Melissa Harris-Perry: Listen, it's so important because we don't call enslaved agricultural workers farmers, but they were. They were the farmers whose agricultural skill and talent and labor built the country. I do wonder if part of the problem is we just don't even see Black farmers when we're looking at them.
John Boyd Jr.: We don't, and I tell Black people when I speak in these churches and other civic groups, every Black person in this country is only one or two generations away from somebody's farm. Whether they want to attest to that or not, that's where we came from. We were never rectified for the act of slavery. I see this as a continuation of Jim Crow by denying debt relief, the 120% to Black farmers.
Melissa Harris-Perry: You've got Ben Crump on the case now. Do you have a sense that this might now have a different outcome than so many of the other moments of what seem like they're going to mean relief, but then have rarely actually gotten to the farmers who need it?
John Boyd Jr.: I do. I do think that we are at a different time in history, especially from a public awareness standpoint. Here, we have clearly a broken promise by the United States Department of Agriculture and Congress because Congress is the actual government entity that repealed it. To have Ben Crump on a case has certainly been a leg up for us. I was glad that we were able to have a conversation and him see the turbulent justice that was done to America's Black farmers.
This time was a bit different, Melissa, because we have a contract where Black farmers signed it. The USDA spelled out what the terms was. They encouraged Black farmers to go out and make improvements to their farms, all things that thousands of Black farmers done. Then at the last minute, when it was time to pay, they pulled the rug from underneath them and said that they're not going to do it.
Again, I see it as a continuation of 40 acres and a mule where they make these promises, these significant promises, but when they actually see how it improves the lives of Blacks, they say, "Oh my God, we can't do this." White America says, "Oh my God, we can't do this." When I say white America, this time, I'm speaking specifically to white farmers who saw that Wade went to 12 different courts to block it.
I'm not just making a statement. They made it for themselves when they filed those complaints in federal court. I'm hopeful that a judge or jury will look at all of the facts and say, "You know what? These people have continued more on injustice and they want to make it right or fix it through court action."
Melissa Harris-Perry: What would it take for the USDA to repair the relationship with Black farmers and to provide some meaningful restitution going forward?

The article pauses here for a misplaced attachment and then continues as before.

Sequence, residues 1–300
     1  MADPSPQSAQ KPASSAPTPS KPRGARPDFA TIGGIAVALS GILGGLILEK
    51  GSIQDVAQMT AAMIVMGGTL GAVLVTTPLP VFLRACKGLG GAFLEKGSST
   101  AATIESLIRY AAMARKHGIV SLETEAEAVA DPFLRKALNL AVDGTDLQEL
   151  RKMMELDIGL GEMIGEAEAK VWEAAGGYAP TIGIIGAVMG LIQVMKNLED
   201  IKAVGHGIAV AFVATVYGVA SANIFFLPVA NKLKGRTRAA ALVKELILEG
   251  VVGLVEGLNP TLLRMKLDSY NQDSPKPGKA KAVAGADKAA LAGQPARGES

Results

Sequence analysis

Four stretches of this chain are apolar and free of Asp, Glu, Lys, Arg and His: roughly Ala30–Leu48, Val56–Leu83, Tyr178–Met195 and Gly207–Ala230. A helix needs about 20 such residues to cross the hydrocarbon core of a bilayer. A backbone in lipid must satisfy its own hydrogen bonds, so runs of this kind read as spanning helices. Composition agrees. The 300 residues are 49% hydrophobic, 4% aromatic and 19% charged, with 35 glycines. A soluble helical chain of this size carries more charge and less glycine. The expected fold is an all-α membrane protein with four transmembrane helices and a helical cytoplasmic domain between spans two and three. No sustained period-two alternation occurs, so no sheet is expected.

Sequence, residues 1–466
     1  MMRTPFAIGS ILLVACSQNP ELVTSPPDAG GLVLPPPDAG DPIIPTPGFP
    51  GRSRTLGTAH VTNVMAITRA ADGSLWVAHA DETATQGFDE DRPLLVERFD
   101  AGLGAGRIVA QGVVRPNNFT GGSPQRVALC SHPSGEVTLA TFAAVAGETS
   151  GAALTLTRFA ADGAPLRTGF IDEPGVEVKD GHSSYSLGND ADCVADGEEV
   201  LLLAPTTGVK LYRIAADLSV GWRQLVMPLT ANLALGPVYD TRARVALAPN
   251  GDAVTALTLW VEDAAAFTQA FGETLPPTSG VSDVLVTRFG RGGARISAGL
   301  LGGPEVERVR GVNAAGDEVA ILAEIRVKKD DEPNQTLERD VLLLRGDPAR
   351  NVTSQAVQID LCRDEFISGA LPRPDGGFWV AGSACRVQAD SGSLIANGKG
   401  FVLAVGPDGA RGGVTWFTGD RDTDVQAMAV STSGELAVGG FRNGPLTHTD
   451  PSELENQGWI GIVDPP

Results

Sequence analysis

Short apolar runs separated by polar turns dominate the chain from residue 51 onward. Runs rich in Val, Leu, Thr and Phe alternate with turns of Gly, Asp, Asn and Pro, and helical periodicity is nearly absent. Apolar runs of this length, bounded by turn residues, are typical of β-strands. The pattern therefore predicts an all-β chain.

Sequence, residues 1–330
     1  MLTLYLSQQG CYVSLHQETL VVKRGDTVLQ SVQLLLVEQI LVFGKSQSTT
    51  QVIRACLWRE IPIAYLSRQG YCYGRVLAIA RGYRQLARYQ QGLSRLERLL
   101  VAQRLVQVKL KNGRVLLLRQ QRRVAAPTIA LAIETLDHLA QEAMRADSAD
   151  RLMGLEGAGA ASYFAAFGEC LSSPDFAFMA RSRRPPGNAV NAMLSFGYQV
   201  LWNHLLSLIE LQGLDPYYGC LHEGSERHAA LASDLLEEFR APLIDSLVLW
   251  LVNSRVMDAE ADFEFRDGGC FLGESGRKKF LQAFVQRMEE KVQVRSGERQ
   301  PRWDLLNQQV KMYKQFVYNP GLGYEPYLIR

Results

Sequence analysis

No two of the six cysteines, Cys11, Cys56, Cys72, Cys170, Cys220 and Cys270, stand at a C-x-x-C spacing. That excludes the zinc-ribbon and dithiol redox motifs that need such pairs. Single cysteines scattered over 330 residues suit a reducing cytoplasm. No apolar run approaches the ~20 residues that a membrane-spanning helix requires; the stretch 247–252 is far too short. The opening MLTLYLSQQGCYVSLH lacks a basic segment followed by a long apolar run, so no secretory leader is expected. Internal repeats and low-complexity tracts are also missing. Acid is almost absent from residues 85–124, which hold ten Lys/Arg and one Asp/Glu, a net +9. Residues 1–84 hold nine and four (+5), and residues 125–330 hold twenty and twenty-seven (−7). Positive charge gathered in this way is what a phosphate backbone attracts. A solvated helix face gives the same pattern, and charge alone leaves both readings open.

John Boyd Jr.: I would say, first of all, stop having commissions and studies to see, one, that we are facing extinction, and two, that the numbers have gotten worse from as far as participation in the US farm subsidy programs and all of it, lending programs have continued to go downhill. We don't need a study for that. When monies are made available through an Act of Congress, that's very, very hard to do for the secretary not to drag its feet but to roll the money out the same way they had done it for Ukraine.
They sent money to Ukraine farmers with no strings attached, no RFP, no congressional hearings. They did it with swiftness and accuracy. They gave them equipment, they gave them seeds and fertilizer. All the things, the infrastructure that I've been asking for Black farmers for nearly 40 years was provided to Ukraine farmers with ease, and we can't get it in our own country right here in the United States.
That's the type of sweeping action that the government needs to provide Black farmers if they're really serious about making sure that we are able to stay on our land and pass on that generational of wealth to the next generation of farmers. With all of the saga, I don't want people to look at Black farmers with pity or sorrow. I want them to look at us with a very proud population simply seeking justice.
Sometimes justice doesn't happen quickly, but I want them to know that I'm never going to give up. I'm never going to give this fight up, and I'm in it to win it. With God's help, we're going to win it. It's just going to take a while. We want people to start talking about this for athletes and persons who have significant followings on social media. Start talking about it. Start supporting the National Black Farmers Association. That's what they can do to help us and this fight. Public awareness. Tell the story so that their children know the rich history of Black farmers in this country.
Melissa Harris-Perry: Mr. John Boyd Jr. is president of the National Black Farmers Association, and he is, folks, active working everyday farmer. Mr. Boyd, thank you so much for joining us.
John Boyd Jr.: Thank you so much for having me. God bless you, and thank you for following this very, very important story.